A Child Abduction or Parental Kidnapping occurs when a parent violates a Court Order. Ordinarily, parents who have no court orders that define where the child lives and what kind of parenting time either parent has will not be impacted when a parent violates an informal agreement between the parties. This is why it is so important to have parenting agreements approved by a judge, so that if a parent violates the parenting agreement, the guilty parent can be held responsible per the orders of the court.
There are specific state and federal laws that apply to child abductions and parental kidnapping: Uniform Child Custody Judicial Enforcement Act; International Parental Kidnapping Crime Act; The Fugitive Felon Act; Hague Convention on the Civil Aspects of International Child Abduction; International Child Abduction Remedies Act, etc. A critical provision of federal law, concerning interstate and custody determinations and disputes, can be found in the Parental Kidnapping Prevention Act (PKPA). The applicable Colorado law is the Uniform Child Custody Jurisdiction Act (UCCJEA), which can be found in the Colorado Revised Statutes in Title 14.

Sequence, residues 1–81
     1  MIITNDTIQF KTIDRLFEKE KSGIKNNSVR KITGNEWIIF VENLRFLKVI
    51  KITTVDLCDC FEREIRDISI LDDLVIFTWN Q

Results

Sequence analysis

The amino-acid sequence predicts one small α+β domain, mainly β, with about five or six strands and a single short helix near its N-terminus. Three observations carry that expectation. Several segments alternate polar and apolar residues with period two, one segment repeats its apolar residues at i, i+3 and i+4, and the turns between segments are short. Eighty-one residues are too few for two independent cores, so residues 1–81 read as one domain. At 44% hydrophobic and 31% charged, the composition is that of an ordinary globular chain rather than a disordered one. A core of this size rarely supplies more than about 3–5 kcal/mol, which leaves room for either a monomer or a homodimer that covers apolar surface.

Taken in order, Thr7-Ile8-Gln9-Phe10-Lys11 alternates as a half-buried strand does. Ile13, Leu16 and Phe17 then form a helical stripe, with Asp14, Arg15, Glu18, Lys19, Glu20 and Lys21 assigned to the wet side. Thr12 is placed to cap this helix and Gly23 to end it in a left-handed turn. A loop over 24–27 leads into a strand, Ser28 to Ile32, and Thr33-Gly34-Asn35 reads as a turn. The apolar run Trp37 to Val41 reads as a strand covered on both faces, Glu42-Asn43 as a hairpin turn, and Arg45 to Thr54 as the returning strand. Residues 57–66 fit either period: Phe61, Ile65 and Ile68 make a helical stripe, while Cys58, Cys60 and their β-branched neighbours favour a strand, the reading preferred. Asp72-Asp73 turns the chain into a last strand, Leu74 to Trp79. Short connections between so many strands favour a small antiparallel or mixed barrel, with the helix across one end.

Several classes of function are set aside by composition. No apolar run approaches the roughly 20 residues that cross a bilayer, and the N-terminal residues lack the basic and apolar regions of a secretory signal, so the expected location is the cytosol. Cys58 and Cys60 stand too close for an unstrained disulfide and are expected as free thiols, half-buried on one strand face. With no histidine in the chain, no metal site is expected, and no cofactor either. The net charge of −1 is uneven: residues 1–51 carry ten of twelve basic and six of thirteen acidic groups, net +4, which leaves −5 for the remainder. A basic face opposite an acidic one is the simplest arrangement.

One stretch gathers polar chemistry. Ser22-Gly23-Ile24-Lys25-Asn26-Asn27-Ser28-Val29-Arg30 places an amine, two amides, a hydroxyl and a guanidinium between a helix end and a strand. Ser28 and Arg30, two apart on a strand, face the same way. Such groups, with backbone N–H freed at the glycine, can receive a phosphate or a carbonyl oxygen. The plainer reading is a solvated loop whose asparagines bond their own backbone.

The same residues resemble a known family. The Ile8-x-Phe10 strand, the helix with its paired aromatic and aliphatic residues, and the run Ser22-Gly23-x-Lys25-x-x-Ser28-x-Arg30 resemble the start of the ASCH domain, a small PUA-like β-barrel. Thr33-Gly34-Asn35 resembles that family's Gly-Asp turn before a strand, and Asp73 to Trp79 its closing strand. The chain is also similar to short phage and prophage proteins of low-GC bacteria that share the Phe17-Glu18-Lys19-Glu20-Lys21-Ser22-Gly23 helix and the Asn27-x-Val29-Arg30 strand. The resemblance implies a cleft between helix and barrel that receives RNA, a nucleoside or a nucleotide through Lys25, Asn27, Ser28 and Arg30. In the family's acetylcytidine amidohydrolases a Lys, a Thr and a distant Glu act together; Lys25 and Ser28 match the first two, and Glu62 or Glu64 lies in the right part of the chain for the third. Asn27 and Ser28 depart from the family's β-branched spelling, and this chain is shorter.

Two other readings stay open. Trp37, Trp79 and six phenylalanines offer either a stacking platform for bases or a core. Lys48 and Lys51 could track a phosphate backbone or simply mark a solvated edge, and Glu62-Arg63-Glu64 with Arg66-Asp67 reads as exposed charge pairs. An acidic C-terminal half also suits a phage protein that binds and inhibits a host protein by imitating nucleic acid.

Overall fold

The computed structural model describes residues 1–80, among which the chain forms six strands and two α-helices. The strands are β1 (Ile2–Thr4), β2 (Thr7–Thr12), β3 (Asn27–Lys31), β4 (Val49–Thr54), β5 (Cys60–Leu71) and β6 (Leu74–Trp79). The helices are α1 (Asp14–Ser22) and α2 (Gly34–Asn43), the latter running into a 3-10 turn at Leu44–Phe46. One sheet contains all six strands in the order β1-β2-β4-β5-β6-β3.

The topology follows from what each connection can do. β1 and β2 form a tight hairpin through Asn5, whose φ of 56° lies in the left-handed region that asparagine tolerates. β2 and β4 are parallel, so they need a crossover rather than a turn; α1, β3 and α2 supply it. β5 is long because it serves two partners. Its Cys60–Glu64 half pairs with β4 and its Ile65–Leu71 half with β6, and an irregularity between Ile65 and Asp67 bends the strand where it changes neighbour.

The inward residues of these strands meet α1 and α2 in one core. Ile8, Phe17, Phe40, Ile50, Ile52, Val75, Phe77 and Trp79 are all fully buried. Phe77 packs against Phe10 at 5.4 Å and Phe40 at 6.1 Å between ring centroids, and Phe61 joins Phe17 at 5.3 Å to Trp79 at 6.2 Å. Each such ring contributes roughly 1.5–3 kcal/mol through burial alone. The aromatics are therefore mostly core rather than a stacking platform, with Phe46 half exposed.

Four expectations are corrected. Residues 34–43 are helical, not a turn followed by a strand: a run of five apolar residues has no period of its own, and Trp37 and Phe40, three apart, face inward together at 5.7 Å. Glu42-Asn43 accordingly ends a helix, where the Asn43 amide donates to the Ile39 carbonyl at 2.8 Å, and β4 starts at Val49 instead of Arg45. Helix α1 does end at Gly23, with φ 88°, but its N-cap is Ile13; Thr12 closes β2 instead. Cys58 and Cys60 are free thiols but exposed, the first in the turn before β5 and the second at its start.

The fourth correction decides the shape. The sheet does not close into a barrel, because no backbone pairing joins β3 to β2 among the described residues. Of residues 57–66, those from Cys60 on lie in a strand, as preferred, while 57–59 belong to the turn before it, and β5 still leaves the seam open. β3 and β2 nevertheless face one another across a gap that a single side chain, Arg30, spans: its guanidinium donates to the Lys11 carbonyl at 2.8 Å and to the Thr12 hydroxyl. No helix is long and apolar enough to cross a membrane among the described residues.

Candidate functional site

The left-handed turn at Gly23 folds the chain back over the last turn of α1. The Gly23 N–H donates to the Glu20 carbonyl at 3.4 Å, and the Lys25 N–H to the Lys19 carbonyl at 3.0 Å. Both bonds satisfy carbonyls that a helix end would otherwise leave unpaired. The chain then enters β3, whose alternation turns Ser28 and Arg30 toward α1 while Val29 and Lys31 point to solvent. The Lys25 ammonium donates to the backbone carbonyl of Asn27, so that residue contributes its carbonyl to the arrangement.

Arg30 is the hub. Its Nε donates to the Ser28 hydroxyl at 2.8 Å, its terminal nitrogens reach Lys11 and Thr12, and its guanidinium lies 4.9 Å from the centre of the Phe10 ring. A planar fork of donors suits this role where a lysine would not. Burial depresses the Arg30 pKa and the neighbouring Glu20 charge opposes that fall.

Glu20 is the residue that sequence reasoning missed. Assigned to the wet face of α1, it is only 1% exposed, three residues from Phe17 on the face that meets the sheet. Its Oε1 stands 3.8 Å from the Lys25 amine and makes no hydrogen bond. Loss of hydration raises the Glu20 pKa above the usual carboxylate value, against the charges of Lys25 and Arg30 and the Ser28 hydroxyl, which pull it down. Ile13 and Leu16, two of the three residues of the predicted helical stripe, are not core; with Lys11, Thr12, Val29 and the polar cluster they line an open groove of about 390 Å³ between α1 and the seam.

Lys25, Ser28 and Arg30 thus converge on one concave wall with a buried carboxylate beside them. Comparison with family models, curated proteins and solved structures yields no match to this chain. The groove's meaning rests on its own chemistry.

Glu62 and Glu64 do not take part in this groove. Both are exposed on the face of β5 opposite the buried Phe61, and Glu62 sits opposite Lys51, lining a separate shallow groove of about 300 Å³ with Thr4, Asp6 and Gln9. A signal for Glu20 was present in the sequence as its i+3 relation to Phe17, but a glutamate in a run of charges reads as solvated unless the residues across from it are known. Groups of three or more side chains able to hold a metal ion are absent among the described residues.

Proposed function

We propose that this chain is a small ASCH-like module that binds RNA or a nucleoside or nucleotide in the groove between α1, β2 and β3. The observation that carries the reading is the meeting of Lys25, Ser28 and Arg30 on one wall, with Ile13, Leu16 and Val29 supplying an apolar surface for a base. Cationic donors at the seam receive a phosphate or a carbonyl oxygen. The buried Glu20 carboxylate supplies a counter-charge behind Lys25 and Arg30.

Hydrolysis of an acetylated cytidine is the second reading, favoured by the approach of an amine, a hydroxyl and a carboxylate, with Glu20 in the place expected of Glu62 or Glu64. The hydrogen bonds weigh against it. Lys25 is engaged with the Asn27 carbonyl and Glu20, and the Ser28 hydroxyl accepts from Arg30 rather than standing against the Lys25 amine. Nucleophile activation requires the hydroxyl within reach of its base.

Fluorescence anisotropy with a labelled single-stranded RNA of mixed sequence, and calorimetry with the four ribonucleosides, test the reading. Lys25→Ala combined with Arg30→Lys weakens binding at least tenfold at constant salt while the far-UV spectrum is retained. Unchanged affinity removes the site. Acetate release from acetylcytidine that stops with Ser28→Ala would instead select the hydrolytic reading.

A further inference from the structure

Without orders from a judge, that spell out parenting time and other necessary provisions, a Colorado court will not be able to assist you if there is a child abduction or parental kidnapping. Here is an example: Beth and Tom have two (2) children, but were never married to one another. Beth and Tom never had any parenting orders of any kind from any court because as Beth always said, “they always agreed about the kids and got along.” Since the parents always got along, there were never any child support payments ordered. Tom was listed on both kid’s birth certificates and the parents always made decisions affecting the children, jointly. Beth had always been the primary parent while she lived in Denver and Tom had parenting time every other weekend from Fridays after school until he dropped the kids off at school on Monday mornings. When the children reached the age of 6 and 8, Beth met Bob, who was living and working in Arizona. Bob and Beth became involved in a serious relationship and Bob invited Beth and the kids to move in with him, in his Flagstaff house, while the kids were on their Christmas break from school. When Tom called the kids to wish them a Merry Christmas, one of the children told him that they had packed up all of their things and were now living in Arizona. When Tom found out that his kids were living somewhere else, he contacted Beth who refused to respond to phone calls, text messages or Tom’s emails. Later that day, Tom made a 911 call to the Denver Police Department to report that his kids had been abducted. The police officer met with Tom and said that there was nothing that they could do because this was a civil matter and police only investigated crimes. The officer told Tom he should get a real good custody lawyer. The following day, Tom made an appointment to immediately see a Family Law Attorney, and was told that since no parenting orders existed, the only thing that could be done was for him to file an Allocation of Parental Responsibilities case in the District Court where the children had last lived in Colorado. Tom’s lawyer also told him that Colorado was the children’s “Home State,” and that he would have to file an action before he could expect to have his parenting rights enforced. It was at that moment that Tom found out that his plans to take the children skiing in Vail over the second half of their Christmas break was not going to happen. Because of the congestion of the court’s docket, Tom had to wait more than 6 weeks to have a hearing before the judge for a Temporary Orders hearing. At the Temporary Orders hearing, the judge noted Beth’s role as the children’s primary parent since their birth, and allowed the children to stay in Arizona, thus making Tom’s every other weekend parenting time, moot. Tom was not happy with this recent turn of events and ultimately ran out of money to fight for custody and agreed to a Parenting Plan with Beth for shared parenting time every year over Thanksgiving, Christmas, spring break and summers. Additionally, Tom was ordered to pay Child Support to Beth.